When I was head of the US Drug Enforcement Administration, a standard refrain of every public policy speech I gave was that enforcement alone cannot defeat our battle against drug violence and drug addiction. It is absolutely essential that we have education to lower the demand for drugs, law enforcement to lower the supply of drugs, and treatment to help those who have been ensnared by illegal drugs overcome their addictions. I endorsed and promoted the use of drug treatment courts, and implemented community involvement programs that brought together the prevention, enforcement and treatment communities to work together and in direct partnership to tackle the drug blight in local communities.

Make no mistake, however: All three of those components are necessary to any successful drug program. I am concerned by the increasing signals being issued from the Administration that drug use, particularly marijuana use, will be tolerated and that drug enforcement resources will be reduced.

History teaches us that success in reducing the use of illegal drugs is directly related to national leadership and to the public messages and comments that come from our leaders. The Administration’s message of tolerance and reduced enforcement of our marijuana laws comes at a time when the drug content (THC) in marijuana is increasing, according to very recent studies. Today’s marijuana is not your parents’ pot; it is more harmful and powerful than the marijuana that so freely flowed during the Sixties.

Yet, the Attorney General recently announced that the Department of Justice would now turn a blind eye to the pot factories masquerading as medical clinics in California and other states that have legalized so-called “medical marijuana,” putting them in direct conflict with federal law.  For the first time a policy of non enforcement has been announced when federal drug policy conflicts with state drug policy.

Meanwhile, the DEA continues to operate without even having a nominee named to lead the agency, more than 100 days into the new Administration. At a time when violence related to drug trafficking cartels on the southern border have reached crisis levels, spilling into kidnappings and violence in cities like Phoenix, this failure to provide Senate confirmed leadership at the nation’s premier drug enforcement agency is puzzling at best and seems to bolster the perception that this Administration puts little stock in enforcing our drug laws.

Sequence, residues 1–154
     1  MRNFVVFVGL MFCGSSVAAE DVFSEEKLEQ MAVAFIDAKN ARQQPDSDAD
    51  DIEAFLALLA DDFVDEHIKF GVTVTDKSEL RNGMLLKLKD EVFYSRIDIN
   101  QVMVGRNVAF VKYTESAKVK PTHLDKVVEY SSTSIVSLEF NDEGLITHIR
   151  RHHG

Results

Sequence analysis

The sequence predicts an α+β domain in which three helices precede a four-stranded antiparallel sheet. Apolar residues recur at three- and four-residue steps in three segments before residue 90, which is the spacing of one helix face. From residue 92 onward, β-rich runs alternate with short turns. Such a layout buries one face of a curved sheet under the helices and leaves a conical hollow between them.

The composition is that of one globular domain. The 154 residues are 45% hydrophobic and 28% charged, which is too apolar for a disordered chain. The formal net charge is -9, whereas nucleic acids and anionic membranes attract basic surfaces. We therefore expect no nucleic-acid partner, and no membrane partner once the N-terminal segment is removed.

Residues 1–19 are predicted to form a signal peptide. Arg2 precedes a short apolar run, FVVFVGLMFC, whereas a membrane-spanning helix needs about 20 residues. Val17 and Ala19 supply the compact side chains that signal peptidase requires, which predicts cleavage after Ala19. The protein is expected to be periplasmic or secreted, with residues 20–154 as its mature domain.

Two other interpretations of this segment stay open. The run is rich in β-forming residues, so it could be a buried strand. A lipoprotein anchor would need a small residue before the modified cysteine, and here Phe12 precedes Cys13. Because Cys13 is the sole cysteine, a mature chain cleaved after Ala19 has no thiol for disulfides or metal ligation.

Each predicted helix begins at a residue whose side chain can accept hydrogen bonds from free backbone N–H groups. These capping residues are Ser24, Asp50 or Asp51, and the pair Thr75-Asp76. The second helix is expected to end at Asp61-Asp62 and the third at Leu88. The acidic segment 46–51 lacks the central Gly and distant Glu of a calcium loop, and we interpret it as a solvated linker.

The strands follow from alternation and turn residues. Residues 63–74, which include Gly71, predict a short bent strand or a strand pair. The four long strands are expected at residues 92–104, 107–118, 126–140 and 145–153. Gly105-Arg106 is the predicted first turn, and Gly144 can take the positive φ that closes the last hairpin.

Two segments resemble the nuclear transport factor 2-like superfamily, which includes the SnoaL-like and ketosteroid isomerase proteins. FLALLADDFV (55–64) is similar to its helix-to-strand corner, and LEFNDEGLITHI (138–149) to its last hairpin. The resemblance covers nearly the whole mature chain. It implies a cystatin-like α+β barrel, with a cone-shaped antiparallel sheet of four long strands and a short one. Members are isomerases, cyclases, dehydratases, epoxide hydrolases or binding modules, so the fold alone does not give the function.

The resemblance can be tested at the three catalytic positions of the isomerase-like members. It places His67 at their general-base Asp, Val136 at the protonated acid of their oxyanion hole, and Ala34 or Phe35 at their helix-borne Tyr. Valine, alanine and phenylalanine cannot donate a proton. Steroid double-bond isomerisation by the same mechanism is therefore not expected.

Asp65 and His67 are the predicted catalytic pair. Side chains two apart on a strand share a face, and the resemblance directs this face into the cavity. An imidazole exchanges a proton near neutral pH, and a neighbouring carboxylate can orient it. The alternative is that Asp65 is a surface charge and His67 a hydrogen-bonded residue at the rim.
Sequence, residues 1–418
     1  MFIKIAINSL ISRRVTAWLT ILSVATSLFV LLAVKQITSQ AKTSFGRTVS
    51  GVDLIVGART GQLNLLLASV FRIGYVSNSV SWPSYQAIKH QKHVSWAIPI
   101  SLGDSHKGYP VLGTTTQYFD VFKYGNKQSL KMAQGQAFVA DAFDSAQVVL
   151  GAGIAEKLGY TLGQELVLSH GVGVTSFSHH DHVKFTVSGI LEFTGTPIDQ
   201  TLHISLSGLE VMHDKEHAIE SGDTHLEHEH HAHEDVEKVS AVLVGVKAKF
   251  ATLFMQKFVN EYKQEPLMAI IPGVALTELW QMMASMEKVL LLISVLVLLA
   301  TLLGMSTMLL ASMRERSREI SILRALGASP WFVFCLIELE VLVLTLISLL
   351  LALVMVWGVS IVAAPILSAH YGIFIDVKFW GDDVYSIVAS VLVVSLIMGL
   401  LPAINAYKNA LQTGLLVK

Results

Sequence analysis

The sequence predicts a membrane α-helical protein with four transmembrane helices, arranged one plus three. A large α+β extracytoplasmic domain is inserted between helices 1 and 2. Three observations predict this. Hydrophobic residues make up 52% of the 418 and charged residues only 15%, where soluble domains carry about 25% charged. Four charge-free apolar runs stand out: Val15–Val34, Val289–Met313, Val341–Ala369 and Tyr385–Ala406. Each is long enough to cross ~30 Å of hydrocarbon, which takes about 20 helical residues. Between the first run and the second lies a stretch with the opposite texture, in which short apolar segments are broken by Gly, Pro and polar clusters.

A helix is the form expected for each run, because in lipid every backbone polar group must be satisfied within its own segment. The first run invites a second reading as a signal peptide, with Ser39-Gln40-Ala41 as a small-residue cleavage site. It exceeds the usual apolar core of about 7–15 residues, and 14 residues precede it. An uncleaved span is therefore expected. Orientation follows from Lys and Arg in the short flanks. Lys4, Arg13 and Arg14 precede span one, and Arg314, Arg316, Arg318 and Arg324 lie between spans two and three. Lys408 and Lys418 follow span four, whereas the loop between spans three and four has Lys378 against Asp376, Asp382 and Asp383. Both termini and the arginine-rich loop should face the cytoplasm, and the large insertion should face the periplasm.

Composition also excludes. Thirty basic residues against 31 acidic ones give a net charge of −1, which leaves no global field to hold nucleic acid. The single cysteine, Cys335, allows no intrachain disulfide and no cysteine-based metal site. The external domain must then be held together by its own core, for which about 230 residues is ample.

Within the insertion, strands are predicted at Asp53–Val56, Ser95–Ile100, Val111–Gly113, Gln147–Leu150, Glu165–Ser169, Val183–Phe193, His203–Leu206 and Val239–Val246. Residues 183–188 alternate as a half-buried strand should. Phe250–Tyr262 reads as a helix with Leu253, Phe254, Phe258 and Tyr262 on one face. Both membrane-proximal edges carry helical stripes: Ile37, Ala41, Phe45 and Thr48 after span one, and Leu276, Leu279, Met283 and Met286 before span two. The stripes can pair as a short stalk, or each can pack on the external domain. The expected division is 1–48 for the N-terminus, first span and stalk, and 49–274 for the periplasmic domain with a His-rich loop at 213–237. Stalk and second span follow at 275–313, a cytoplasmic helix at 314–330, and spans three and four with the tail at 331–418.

And now, with the announcement of Seattle Police Chief Gil Kerlikowske as the new Drug Czar, the Administration is asserting that it will banish the use of the term “war on drugs” and will treat the fight against illegal drugs in this country more as a health issue than a law enforcement issue. Chief Kerlikoske suggested to the Washington Post that the term implied a war on U.S. citizens and pointed out, “We are not at war with people in this country.”

Chief Kerlikowske is a good man with good intentions. I had the privilege to attend a memorial service for fallen DEA agents yesterday, and Mr. Kerlikowske spoke eloquently. However, his argument that the term “war on drugs” implies a war on citizens suggests a failure on his part to understand the history of our national struggle against the devastating consequences of cocaine, meth, heroin and, yes, even marijuana. The term “war on drugs” (while perhaps politically incorrect) means exactly what it says: a fight against the poisons that are directly responsible for untold miseries to our citizens, for families in small towns torn apart by meth addiction, for bloody violence on neighborhood streets as drug gangs peddle their wares to our children.

I fully support greater resources for education and treatment, but those efforts cannot be successful without an equally vigorous law enforcement strategy. Drug treatment courts cannot be successful in reducing addiction if law enforcement does not make an arrest. Or are “treatment” programs effective for drug-law offenders without giving the drug court judge the option to sentence the offenders to jail if they refuse to participate in the program or fail to comply with the court’s rules.

You can be a strict enforcer of our laws and still support more treatment, more education and more fairness in our criminal justice system (such as eliminating the crack powder cocaine sentencing disparity, a reform which I have publicly supported).

Is the term “war on drugs” necessary? No, it’s not. But the message of our national leaders is critical. That message must convey the seriousness of the fight against drugs. It must strengthen rather than weaken the resolve of our youth, families and communities. More importantly, our actions must reflect the seriousness of this effort, and, so far, the actions of this Administration send the exact opposite message.

Indeed, when you have the leader of the movement to legalize drugs in this country applauding the policies of the Administration and announcing that he is “cautiously optimistic” about those policies, we know our message is failing the youth of this country.

Asa Hutchinson is the former Administrator of the U.S. Drug Enforcement Administration and the nation’s first Undersecretary for Border and Transportation Security.

  • Great article. I agree. I remember the 60’s so I guess I
    “wasn’t there”